If you are learning Arabic, don’t put your flash cards in your pocket. The TSA will get you.
This is a painful story to post, not least because it means I have to link the ACLU’s official site. But, frankly, in this case at least, they are doing God’s work.
The Transportation Security Administration, which brags about irrelevant activity but hides all its failures, saved an airplane from the “threat” of a man learning Arabic. Here is the potential terrorist’s description of how he was arrested:
At the metal detector at airport security, Transportation Security Administration agents asked me to empty my pockets. I took the set of flashcards from my pocket and handed them to the officers. After I cleared the metal detector, they asked me to step aside for additional screening. One of them started rifling through the cards, and another took the book out of my carry-on. The minutes ticked by, and I got more confused about why I was being detained and more concerned that I would miss my flight. One of them called a supervisor.
After a half-hour delay at the security line, the supervisor showed up, and things turned from annoying to surreal. After looking at the book and flashcards, the supervisor asked me: “Do you know who did 9/11?” Taken totally aback, I answered: “Osama Bin Laden.” Then she asked me if I knew what language Osama Bin Laden spoke. “Arabic,” I replied. “So do you see why these cards are suspicious?” she finished.
Imagine going from being in line at the airport to having a TSA supervisor imply you had some connection with the worst act of terrorism ever committed against your country – all over the course of a few minutes.
She was in mid-sentence talking to me when a Philadelphia police officer appeared behind me and ordered me to put my hands behind my back. He cuffed my hands, grabbed my arms, and, in full view of the rest of the passengers, walked me through the entire Philadelphia airport and into the police substation.
No one informed me of my rights, and no one would tell me why I was being not just searched but arrested by police, when I was in violation of no law. I had never been arrested, and no one knew I was there.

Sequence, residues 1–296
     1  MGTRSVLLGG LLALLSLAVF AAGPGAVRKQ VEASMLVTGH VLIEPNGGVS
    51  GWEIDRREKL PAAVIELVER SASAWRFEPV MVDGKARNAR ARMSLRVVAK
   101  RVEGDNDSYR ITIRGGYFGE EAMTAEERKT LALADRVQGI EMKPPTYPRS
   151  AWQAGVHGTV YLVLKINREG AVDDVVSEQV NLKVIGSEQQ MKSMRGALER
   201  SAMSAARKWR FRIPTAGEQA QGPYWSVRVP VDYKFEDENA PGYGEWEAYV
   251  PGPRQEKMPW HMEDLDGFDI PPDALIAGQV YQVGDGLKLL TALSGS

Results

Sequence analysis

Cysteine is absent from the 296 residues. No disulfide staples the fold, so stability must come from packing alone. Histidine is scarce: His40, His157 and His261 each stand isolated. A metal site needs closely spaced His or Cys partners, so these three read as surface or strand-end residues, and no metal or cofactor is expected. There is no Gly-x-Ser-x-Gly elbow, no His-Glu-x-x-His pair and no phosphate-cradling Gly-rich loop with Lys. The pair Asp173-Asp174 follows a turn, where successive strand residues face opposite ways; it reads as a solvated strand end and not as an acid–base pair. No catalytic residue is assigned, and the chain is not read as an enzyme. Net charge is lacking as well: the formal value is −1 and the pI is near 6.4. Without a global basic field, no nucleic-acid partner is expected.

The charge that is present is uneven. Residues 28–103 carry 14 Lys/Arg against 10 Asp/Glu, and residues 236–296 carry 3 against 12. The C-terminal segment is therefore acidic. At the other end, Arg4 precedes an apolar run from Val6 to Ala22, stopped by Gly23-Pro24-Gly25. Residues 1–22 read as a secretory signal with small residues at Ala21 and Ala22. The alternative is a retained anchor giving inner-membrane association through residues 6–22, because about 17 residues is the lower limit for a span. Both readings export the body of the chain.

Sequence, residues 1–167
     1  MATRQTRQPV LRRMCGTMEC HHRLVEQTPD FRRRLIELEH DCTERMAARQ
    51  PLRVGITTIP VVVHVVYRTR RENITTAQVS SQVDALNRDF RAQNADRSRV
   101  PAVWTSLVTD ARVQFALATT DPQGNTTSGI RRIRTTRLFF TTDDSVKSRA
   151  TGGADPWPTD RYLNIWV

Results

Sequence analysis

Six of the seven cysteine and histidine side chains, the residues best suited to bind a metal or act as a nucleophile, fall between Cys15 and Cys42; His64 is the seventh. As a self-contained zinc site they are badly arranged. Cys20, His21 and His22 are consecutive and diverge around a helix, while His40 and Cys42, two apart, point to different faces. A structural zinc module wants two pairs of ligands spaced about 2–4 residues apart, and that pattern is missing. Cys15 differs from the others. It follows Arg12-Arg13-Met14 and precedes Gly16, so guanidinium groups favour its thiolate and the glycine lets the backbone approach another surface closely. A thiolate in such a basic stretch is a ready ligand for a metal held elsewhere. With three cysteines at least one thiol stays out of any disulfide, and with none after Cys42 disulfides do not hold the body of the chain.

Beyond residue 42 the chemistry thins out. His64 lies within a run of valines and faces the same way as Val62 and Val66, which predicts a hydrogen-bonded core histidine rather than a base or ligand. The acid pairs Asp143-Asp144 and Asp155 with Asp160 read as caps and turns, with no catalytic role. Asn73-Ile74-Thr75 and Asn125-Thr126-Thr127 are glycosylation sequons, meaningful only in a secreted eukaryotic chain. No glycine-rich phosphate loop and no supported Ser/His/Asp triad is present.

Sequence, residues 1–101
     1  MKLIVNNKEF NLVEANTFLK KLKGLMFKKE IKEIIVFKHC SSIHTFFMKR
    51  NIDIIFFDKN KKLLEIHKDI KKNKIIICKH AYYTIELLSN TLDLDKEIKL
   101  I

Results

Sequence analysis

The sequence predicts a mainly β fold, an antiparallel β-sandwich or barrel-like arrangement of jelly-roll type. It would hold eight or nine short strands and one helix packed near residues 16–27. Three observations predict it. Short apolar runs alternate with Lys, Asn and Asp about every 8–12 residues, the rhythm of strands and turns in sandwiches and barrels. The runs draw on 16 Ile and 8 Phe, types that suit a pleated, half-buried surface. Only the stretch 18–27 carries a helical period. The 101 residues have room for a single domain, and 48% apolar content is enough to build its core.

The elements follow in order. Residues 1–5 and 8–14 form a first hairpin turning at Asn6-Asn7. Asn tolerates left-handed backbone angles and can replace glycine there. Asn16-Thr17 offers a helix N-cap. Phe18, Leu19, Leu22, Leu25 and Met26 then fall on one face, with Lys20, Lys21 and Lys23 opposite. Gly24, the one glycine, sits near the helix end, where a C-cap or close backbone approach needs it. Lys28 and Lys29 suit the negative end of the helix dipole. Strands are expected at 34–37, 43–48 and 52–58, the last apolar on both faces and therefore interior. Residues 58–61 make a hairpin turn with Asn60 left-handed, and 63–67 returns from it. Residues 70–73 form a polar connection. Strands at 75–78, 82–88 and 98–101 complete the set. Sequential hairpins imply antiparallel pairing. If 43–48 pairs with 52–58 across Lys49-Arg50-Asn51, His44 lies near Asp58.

Arrested with zero justification and no other respect for basic arrest procedures like Miranda rights.
The evil language-learner spent hours handcuffed in a cell with no explanation of why he was being held or what his rights were. Eventually, after asking for a restroom visit, he got a chance to ask the policeman why he had been arrested. The reply: “I dunno. What’d you do?”
It’s that attitude that is so problematic. Even after searching my luggage without probable cause of a crime and finding nothing out of the ordinary, TSA agents and the police felt they had the authority to detain and then arrest me, purely on ignorant assumptions about a language spoken by 295 million people worldwide.
Of course the ignorant bullies who wrecked this man’s flight and casually abducted him will never face any negative consequences for their criminal aggression. The Philadelphia Airport will pay for some damages. The good outcome (hopefully) is that, as part of the settlement, airport police
will be periodically instructed that they have an independent duty to establish probable cause before arrest, and cannot simply clap in cuffs anyone the TSA calls suspicious.
Try to wrap your head around that. It requires special training to let police officer’s know they can’t just arrest people on orders for no other reason.
Personally, I hope this lawsuit makes a dent but I am cynical that much will change about the direction of our country. We may not live in Russia yet, but we are doing our best to get there.